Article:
A closer look at the life and work of Soma
Goonawardene, outstanding educationist and Principal of Mahamaya
Soma Cumaranatunga was born on June 16, 1915, in the village of
Katukurunda eight miles from the city of Galle. She was the Principal of
Mahamaya Girls College, Kandy, from 1951 to 1972.
Mahamaya Girls' College was founded in 1932 as a private fee levying
school by the Sadachara Bauddha Kulagana Samithiya -a society of women
activists led by two women Sarah Soysa from the Southern Province and
Chitravo Ratwatte from the Kandyan aristocracy. Their purpose was to
provide an English education, along with some social accomplishments,
for Buddhist girls in Kandy and the outlying provinces, while at the
same time imparting a education in Buddhism and the Buddhist way of
life- an education that was different from that provided by the
available Christian missionary girls 'schools of the period.
However, Soma went beyond the aims of the original founders. She
reoriented the school, to produce students to compete academically, as
well as in sports and aesthetics, with students of the best educational
institutions in the country. Preparing students to enter university or
to qualify in other professions became the primary goal, which Soma
achieved with single minded commitment and hard work.
Soma came from a family of educationists and scholars and Buddhist
activists. Soma's uncle was Munidasa Cumaranatunga, the famous Sinhalese
scholar, grammararian, linguist, writer and poet.
Soma studied up to the fifth standard at Koggala Katukurunda Dharmika
Vidyalaya, a vernacular Buddhist school. In the late 1920s she joined
The Sacred Heart Convent in Galle.
First Class honours
In the late 1930s Soma entered a collegiate school in Galle to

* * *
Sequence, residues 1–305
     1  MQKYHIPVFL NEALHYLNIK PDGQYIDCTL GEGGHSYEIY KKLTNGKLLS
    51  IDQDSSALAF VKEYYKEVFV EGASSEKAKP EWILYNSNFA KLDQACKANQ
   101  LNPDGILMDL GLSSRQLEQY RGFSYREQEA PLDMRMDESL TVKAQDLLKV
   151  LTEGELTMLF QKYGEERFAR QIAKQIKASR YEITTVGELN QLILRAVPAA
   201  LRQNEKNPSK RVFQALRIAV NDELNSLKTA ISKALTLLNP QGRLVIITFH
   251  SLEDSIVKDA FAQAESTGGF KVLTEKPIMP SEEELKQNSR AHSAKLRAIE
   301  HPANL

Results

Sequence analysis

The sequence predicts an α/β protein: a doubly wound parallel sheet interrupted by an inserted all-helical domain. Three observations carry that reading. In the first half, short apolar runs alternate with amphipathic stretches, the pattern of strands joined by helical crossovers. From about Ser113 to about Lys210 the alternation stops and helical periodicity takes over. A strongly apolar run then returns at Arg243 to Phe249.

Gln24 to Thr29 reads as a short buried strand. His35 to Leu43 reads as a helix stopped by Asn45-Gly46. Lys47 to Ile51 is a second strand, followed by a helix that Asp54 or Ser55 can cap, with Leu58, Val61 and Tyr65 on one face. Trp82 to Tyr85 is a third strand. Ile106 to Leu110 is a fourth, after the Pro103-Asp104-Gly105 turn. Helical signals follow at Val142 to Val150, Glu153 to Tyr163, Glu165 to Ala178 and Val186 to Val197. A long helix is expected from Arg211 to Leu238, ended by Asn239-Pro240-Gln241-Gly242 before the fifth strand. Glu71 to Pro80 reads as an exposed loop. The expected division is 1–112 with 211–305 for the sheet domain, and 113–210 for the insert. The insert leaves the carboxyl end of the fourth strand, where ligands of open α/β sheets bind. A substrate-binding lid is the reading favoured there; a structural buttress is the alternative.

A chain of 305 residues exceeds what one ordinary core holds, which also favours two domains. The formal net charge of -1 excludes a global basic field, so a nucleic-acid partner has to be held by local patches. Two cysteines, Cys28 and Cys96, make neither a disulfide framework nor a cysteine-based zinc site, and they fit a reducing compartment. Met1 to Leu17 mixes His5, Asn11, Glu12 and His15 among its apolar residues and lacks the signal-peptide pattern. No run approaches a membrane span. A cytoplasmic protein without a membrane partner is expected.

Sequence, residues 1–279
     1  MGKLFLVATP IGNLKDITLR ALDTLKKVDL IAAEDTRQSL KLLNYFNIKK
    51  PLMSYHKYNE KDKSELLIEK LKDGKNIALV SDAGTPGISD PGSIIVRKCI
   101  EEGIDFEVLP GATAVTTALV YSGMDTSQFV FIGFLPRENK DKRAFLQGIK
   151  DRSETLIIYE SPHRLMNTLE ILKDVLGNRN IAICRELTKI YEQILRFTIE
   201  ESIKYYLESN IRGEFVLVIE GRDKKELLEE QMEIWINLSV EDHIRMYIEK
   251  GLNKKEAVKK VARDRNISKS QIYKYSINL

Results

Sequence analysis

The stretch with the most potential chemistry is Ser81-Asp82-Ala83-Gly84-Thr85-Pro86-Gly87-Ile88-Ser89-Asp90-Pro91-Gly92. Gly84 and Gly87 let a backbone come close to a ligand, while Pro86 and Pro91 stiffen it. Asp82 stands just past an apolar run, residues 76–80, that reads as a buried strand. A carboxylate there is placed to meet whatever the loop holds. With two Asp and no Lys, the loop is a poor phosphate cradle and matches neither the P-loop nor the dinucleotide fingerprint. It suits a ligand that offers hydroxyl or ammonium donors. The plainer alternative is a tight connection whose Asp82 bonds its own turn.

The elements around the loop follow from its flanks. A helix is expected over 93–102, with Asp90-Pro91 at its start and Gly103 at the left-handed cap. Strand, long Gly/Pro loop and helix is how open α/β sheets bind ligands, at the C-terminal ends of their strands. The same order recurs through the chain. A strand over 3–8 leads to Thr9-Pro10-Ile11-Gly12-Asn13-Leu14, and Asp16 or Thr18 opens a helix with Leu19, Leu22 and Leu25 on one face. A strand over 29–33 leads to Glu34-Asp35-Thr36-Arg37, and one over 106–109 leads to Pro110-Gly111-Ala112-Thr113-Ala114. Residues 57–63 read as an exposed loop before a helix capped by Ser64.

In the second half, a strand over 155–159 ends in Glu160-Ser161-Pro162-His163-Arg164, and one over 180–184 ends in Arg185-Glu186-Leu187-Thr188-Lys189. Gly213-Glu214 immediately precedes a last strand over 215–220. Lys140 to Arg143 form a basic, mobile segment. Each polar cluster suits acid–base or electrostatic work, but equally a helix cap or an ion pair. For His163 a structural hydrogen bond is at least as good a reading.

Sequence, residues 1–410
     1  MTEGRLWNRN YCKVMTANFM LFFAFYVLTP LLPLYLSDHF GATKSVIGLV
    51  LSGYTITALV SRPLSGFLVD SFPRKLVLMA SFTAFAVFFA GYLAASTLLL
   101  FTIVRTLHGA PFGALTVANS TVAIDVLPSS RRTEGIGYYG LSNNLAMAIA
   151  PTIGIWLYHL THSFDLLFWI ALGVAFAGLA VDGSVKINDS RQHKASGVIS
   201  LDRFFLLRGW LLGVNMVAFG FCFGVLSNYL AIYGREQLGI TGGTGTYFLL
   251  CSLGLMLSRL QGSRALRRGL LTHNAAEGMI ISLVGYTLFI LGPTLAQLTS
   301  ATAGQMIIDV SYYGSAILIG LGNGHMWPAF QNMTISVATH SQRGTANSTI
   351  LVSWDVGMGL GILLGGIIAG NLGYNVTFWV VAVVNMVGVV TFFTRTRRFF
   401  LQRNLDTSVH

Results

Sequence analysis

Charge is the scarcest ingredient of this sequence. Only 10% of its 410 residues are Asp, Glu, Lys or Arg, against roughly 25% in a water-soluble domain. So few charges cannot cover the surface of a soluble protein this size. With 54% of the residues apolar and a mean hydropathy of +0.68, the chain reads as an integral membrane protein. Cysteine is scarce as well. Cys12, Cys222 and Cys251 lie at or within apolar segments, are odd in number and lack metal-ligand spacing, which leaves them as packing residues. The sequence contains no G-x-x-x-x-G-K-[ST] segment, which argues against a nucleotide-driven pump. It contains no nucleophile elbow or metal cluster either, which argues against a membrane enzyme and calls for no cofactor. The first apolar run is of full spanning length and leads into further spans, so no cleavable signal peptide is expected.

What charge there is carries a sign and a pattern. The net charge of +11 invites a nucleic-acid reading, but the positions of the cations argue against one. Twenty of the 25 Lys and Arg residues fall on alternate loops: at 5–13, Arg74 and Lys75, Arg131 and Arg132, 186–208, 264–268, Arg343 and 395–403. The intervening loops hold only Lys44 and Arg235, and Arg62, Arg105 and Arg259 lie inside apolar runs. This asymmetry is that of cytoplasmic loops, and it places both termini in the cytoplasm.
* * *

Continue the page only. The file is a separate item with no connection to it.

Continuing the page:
prepare for her London Degree Examination. She specialized in Sinhala,
with Pali as her subsidiary subject and was awarded First Class honours
for her degree from the University of London.
The nuns of Sacred Heart Convent were happy to welcome Soma as a
teacher. It is likely that she learned the discipline and
professionalism that she later displayed at Mahamaya from these nuns who
had a tradition of teaching and administrative experience.
Soma joined Visakha Vidyalaya in Colombo in the mid 1940s . On 6th
May 1948 Soma moved to Kandy when she married her kinsmen Lionel Pujitha
Goonawardene, who was an inspector of the Sri Lanka Police. The
Department of Education appointed her to the school inspectorate of
Kandy and Soma came in contact with Mahamaya College. N.E. Weerasooriya,
an eminent lawyer and Chairman of the Board of Trustees of Mahamaya
College persuaded Soma Goonawardene to accept the post of Principal of
the school on 1st May 1951.
At the time of her appointment as Principal, Mahamaya was classified
as a Grade 3 school. Soma immediately set in motion remedial measures.
Many of her pupils will remember Soma Goonawardene as a strong
disciplinarian. In fact, Soma Goonawardene looked at the school and its
pupils very much as a General surveys a battlefield to assess the
chances of success.
Not only by precept, but by example she enforced discipline among
students and staff. She was the first to step into school early morning
and the last to leave it in the evening.
Soma Pujitha Goonawardene was an imposing woman, tall, handsome,
neatly and smartly dressed in a sari. Often a fleeting appearance by the
Principal was sufficient to enforce discipline.
English for all
In the 1950s, C.W.W. Kannangara's far reaching educational reforms
brought within the reach of the even less privileged students , through
the Central Schools that were opened in the provinces, an English medium
education styled on the public school curriculum of England offering an
academic education oriented for university entry with support for sport
activities, and aesthetics. Therefore, Mahamaya needed to offer science
education, and to enhance English language abilities of the students,
and also to upgrade sports and extra -curricular activities in the